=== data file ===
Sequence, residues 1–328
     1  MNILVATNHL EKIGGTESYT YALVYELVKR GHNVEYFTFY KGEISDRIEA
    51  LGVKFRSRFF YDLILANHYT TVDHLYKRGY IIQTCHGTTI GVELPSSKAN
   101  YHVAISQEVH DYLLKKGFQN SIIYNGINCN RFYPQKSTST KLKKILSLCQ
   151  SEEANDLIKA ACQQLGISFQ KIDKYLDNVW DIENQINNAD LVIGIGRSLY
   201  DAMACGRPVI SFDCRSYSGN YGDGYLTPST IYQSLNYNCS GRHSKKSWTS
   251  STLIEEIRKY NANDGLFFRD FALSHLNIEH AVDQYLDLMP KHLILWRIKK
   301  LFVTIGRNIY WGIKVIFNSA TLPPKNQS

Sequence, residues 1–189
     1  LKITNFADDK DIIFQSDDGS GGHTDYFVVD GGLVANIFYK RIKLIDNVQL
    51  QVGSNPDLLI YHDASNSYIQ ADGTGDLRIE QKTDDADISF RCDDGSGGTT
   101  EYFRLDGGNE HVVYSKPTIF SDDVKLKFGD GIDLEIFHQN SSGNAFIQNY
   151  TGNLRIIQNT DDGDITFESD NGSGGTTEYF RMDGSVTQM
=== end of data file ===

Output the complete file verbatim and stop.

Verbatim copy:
Sequence, residues 1–328
     1  MNILVATNHL EKIGGTESYT YALVYELVKR GHNVEYFTFY KGEISDRIEA
    51  LGVKFRSRFF YDLILANHYT TVDHLYKRGY IIQTCHGTTI GVELPSSKAN
   101  YHVAISQEVH DYLLKKGFQN SIIYNGINCN RFYPQKSTST KLKKILSLCQ
   151  SEEANDLIKA ACQQLGISFQ KIDKYLDNVW DIENQINNAD LVIGIGRSLY
   201  DAMACGRPVI SFDCRSYSGN YGDGYLTPST IYQSLNYNCS GRHSKKSWTS
   251  STLIEEIRKY NANDGLFFRD FALSHLNIEH AVDQYLDLMP KHLILWRIKK
   301  LFVTIGRNIY WGIKVIFNSA TLPPKNQS

Sequence, residues 1–189
     1  LKITNFADDK DIIFQSDDGS GGHTDYFVVD GGLVANIFYK RIKLIDNVQL
    51  QVGSNPDLLI YHDASNSYIQ ADGTGDLRIE QKTDDADISF RCDDGSGGTT
   101  EYFRLDGGNE HVVYSKPTIF SDDVKLKFGD GIDLEIFHQN SSGNAFIQNY
   151  TGNLRIIQNT DDGDITFESD NGSGGTTEYF RMDGSVTQM